The best source of “truth” with regard to what’s on the ground is an eyes-on assessment. You can scope out a lot of information from the sky with imagery from Pictometry and others, but there are still qualities you can’t see without being on site, and certain types of field surveys and inspections that can’t rely on passive overhead observation or auto-generated data. Cost management is a major factor in the motivation to rely on mass-collected imagery, but with the right tools and processes in place for capturing data from mobile, it can be incredibly cost effective. Old school pen and paper methods are rife with inefficiencies like data loss, inaccuracy, and delay. As we presented in our talk, going to a SaaS toolset like Fulcrum provides the ability to scale without a massive up-front investment.
Stakeholders and users of property data have ever-rising expectations of data accuracy, timeliness, and availability. Connectedness, technology growth, and open data contribute to this tide of entitlement, but if it’s possible to increase data accuracy and availability without soaring costs, why not look for ways to innovate? As IAAO president Pete Rodda said during one of his talks, citizens want to know a property’s value today, not what it was on January 1st.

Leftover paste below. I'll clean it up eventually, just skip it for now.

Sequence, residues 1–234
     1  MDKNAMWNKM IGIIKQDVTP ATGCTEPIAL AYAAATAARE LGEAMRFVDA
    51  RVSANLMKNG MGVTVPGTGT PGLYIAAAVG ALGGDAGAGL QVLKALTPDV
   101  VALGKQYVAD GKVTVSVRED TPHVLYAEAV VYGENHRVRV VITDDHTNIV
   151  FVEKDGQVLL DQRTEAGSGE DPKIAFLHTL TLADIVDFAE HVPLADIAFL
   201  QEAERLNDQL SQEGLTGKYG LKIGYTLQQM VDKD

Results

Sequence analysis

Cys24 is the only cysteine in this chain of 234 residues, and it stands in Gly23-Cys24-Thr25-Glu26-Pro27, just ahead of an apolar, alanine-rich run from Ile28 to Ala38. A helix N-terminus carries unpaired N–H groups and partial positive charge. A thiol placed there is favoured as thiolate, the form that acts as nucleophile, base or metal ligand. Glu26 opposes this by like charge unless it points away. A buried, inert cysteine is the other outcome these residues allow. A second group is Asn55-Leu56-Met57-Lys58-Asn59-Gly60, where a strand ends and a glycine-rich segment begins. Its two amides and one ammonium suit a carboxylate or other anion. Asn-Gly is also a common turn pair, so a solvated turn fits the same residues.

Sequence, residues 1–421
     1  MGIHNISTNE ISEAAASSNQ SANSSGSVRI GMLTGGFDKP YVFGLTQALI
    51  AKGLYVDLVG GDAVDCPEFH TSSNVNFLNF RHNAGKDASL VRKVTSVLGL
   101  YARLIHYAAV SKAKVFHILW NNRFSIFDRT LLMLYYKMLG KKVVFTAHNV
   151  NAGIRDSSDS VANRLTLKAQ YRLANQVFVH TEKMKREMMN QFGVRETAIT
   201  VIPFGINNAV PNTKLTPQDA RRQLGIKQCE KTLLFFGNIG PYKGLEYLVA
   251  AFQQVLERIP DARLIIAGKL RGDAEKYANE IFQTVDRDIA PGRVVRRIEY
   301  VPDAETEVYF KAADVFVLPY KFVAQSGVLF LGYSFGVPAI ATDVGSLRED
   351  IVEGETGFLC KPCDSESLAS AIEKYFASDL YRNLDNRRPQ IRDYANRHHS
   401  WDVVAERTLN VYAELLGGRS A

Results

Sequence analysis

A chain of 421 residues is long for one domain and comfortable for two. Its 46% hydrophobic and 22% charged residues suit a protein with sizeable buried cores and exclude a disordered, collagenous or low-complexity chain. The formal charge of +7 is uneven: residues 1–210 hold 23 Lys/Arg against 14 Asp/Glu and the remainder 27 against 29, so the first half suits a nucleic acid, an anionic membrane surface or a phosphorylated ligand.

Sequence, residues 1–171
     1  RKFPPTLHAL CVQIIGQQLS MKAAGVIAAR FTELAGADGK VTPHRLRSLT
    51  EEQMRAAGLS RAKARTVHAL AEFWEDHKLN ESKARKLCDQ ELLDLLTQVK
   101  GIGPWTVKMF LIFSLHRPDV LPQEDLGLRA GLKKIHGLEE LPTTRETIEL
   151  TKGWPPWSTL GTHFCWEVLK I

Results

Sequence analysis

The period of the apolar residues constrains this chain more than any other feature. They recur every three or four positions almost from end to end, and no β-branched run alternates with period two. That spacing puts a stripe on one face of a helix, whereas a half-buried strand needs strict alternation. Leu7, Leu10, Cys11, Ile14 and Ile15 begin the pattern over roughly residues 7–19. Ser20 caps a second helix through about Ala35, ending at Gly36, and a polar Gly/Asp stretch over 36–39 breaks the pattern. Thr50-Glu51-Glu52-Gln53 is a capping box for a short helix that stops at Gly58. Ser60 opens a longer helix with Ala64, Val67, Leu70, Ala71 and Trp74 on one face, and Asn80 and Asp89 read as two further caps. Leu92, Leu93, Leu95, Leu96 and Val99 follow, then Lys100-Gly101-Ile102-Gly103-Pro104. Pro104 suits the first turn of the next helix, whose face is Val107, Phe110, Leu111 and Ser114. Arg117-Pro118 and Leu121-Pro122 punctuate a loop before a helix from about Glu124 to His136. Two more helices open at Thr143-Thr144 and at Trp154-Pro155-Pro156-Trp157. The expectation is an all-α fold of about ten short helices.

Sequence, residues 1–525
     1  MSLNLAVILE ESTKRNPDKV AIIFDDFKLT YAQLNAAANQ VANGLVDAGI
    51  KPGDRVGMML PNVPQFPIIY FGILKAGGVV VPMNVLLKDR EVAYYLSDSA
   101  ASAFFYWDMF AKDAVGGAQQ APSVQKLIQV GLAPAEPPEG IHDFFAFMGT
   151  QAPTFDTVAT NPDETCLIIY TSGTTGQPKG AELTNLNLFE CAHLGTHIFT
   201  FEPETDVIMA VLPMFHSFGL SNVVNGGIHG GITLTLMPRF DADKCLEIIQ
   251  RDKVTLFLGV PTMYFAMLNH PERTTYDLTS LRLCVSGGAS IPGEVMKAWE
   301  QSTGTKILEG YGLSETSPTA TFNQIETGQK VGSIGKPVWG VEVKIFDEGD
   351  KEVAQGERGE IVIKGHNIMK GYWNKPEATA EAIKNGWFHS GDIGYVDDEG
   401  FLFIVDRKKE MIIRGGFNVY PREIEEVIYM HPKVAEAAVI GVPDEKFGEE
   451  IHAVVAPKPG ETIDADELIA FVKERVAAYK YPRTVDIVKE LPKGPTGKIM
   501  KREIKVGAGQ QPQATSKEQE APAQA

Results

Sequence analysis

There were a couple speakers talking about UAS systems for assessment. I’ve seen dozens of presentations from folks using drones for mapping, but many times it feels like a solution looking for a problem rather than a tool for real immediate value — a case of “shiny object syndrome”. At the CAMA conference that wasn’t the case. Keith Cunningham from the University of Alaska-Fairbanks talked about what they’re doing with UAS platforms for wildlife, pipeline mapping, and property assessment, with a dozen separate project demonstrations of how they’re using fixed- and rotary-wing platforms for aerial observation.
I was also thoroughly impressed by King County’s new property assessor tool, which is powered by Spatialest’s CAMA software platform. They’ve built an interactive self-service tool for viewing property value data alongside demographics, neighborhood boundaries, and more. AppGeo’s MapGeo product is another excellent solution for towns: a web-based platform for municipal data hosting and analysis. There are certainly some interesting tech products in the space, but as I touched on earlier, it’s incumbent on the community to share techniques and best-practices to reduce how often counties are reinventing the wheel.
Overall URISA and IAAO did a great job putting together a diverse range of talks while keeping an intimate enough setting for real discussion to take place. We’re looking forward to work more closely with our local government customers to take what we’ve learned from this community into the Fulcrum platform to make it even more powerful for municipal data collection needs.